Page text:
Documentary review: Why blame the seagulls?

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Photo: Stephanie StefanskiPhoto: Stephanie Stefanski
The short film “Why blame the seagulls?" delves into the issue of kelp gulls that feed and attack the backs of southern right whales in Argentine Patagonia. It's a serious problem for these whales, but who is the real culprit?

By Sofia Anich
Imagine having to spend 8 hours a day running away from a group of mosquitoes that want to bite us and take pieces of our skin. We can do nothing but run, because the moment we stand still, the bugs come back to attack us en masse. It hurts us, it distresses us, it wears us down.
This terrifying scene is what the southern right whales that migrate each year during the Austral winter months to Península Valdés, located in the Argentine province of Chubut, have to live through every day to reproduce and give birth to their calves. But in this case the mosquitoes are actually kelp gulls, with sharp beaks and a never-ending hunger.
This short film released at the end of 2023 by multi-award-winning director and producer Philip Hamilton, narrated by Gastón Pauls and with original music by Armand Amar, goes in-depth into this continuing problem over several decades with beautiful filming of the whales and Patagonian coast together with interviews with diverse scientists and experts.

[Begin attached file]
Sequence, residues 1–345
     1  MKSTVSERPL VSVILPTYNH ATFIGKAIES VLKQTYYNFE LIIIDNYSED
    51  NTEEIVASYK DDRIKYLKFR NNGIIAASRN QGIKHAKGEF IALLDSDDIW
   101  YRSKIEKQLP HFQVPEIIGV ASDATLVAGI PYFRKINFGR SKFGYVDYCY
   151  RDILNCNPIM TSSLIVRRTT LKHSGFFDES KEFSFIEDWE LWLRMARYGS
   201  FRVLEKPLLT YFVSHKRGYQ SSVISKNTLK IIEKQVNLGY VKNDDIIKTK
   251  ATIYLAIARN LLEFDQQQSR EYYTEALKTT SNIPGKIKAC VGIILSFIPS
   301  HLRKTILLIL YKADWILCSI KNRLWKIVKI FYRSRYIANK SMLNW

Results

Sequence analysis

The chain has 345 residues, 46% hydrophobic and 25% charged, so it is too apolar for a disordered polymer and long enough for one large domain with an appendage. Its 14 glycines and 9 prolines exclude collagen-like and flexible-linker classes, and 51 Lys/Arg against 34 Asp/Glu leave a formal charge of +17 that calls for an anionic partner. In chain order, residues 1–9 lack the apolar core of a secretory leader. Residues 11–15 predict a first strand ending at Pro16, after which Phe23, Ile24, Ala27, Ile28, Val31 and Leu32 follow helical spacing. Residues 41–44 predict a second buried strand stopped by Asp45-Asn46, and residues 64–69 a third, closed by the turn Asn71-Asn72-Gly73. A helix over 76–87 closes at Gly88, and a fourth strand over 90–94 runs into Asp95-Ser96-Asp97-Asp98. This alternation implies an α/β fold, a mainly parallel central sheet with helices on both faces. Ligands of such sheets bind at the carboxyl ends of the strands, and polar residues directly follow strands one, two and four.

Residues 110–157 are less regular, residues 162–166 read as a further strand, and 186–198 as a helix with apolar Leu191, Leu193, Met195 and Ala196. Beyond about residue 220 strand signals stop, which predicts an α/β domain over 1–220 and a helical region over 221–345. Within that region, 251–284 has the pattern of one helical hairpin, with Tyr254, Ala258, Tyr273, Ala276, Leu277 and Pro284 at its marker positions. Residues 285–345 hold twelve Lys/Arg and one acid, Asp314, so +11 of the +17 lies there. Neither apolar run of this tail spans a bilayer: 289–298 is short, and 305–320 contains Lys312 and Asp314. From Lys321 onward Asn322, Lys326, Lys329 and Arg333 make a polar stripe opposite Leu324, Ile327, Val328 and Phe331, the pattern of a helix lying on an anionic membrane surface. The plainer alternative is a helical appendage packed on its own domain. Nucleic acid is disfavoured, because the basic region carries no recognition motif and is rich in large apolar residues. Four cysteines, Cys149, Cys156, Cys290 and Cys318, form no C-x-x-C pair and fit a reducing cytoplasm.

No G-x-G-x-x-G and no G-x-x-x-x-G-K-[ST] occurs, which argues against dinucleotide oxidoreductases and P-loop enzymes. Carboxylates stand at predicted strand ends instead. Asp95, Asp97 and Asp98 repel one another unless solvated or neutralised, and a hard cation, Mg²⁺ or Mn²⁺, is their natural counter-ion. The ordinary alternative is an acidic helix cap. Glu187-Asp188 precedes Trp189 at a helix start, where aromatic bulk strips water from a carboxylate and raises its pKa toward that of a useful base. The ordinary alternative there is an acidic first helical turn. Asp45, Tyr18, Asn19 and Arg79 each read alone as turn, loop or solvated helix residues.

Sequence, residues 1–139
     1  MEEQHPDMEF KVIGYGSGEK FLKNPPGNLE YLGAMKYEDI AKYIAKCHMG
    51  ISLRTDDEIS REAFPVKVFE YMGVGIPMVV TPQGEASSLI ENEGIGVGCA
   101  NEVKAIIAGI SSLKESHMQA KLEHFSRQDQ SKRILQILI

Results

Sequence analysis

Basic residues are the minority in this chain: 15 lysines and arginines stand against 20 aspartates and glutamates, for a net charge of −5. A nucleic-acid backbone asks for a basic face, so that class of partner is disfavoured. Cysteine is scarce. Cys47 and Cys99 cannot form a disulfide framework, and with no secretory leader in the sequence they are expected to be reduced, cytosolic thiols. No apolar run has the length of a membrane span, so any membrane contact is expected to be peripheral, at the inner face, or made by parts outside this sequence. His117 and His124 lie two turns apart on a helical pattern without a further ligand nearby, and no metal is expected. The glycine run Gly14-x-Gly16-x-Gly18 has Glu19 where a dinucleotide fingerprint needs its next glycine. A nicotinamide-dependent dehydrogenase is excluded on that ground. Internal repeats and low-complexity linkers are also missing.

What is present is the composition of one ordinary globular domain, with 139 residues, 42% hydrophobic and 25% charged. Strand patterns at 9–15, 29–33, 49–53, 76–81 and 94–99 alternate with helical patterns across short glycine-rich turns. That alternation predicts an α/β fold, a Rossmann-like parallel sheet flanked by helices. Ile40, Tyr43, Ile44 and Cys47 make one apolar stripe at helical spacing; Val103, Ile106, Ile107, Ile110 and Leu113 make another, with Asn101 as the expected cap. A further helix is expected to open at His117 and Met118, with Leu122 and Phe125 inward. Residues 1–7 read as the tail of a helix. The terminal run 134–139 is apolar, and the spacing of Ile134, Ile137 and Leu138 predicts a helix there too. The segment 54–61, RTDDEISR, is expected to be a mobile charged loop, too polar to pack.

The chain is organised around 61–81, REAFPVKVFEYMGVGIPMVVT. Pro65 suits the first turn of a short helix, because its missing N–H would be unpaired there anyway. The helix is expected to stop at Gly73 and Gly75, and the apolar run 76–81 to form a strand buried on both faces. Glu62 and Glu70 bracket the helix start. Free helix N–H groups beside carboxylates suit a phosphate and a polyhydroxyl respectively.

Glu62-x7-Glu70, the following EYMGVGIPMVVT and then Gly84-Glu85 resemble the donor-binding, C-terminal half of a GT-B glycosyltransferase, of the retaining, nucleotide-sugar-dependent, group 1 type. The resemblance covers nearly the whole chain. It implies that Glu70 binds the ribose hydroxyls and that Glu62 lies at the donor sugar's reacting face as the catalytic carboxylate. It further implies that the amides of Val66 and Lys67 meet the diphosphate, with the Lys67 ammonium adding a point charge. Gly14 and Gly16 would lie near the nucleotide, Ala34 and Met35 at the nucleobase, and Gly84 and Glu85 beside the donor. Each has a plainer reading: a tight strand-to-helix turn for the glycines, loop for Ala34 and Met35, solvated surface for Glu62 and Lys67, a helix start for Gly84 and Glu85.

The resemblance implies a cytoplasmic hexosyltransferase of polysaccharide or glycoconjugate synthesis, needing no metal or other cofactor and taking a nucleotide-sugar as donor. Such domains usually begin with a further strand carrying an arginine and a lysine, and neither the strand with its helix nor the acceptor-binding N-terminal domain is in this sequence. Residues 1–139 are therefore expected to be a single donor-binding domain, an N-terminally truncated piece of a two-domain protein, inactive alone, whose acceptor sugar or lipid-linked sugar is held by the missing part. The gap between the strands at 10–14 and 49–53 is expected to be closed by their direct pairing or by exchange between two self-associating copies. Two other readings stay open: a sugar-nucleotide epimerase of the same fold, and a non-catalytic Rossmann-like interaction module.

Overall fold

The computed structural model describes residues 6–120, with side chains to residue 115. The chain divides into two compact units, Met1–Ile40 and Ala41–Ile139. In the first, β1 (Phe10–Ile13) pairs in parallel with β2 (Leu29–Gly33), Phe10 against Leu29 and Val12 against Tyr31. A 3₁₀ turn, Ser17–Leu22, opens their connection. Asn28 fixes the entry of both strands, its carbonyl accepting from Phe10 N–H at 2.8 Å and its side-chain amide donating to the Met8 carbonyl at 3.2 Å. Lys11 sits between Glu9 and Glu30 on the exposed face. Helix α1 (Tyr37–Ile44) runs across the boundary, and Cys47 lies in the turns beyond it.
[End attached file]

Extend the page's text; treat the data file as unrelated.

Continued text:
In 35 minutes, the Ocean Souls Films production makes clear the reason for its title. While it is impossible not to get angry with the kelp gulls after seeing images and images of their relentless hunting, the real problem is uncontrolled economic development.

Urban waste has grown with the growth of the local population, but primarily the problem is the fish and shrimp waste from nearby fish processing plants, which to this day dump their waste in open dumps, leaving fish remains on land that becomes a feast for the seagulls, and greatly facilitating their reproduction. According to the film, Puerto Madryn fish processing plants dump 60,000 tons of waste each year in the area.
Kelp gulls are causing a seemingly never-ending problem. Their constant attacks produce high levels of stress in the whales, an increase in the death of calves and an inefficient development of the calves, since their mothers have less time to nurse them (the issue has meant the resting and nursing time for the whales has declined by 30%). Some scientists believe the whales will eventually abandon the area altogether.
Should seagulls be slaughtered? Is it their fault? Has this problem already gone too far? The documentary states that the culling of seagulls a couple of years ago was largely able to control the attacks, but when this practice was stopped, the problems returned.
What’s the solution? This documentary seeks to address that question, making it clear that the answer is not easy. For sure, though, a big part of the solution would be governments and local communities taking responsibility for the problem and forcing fishery companies to clean up their open-air dumps.
Watch the complete version of “Why Blame the Seagulls?” for free on YouTube here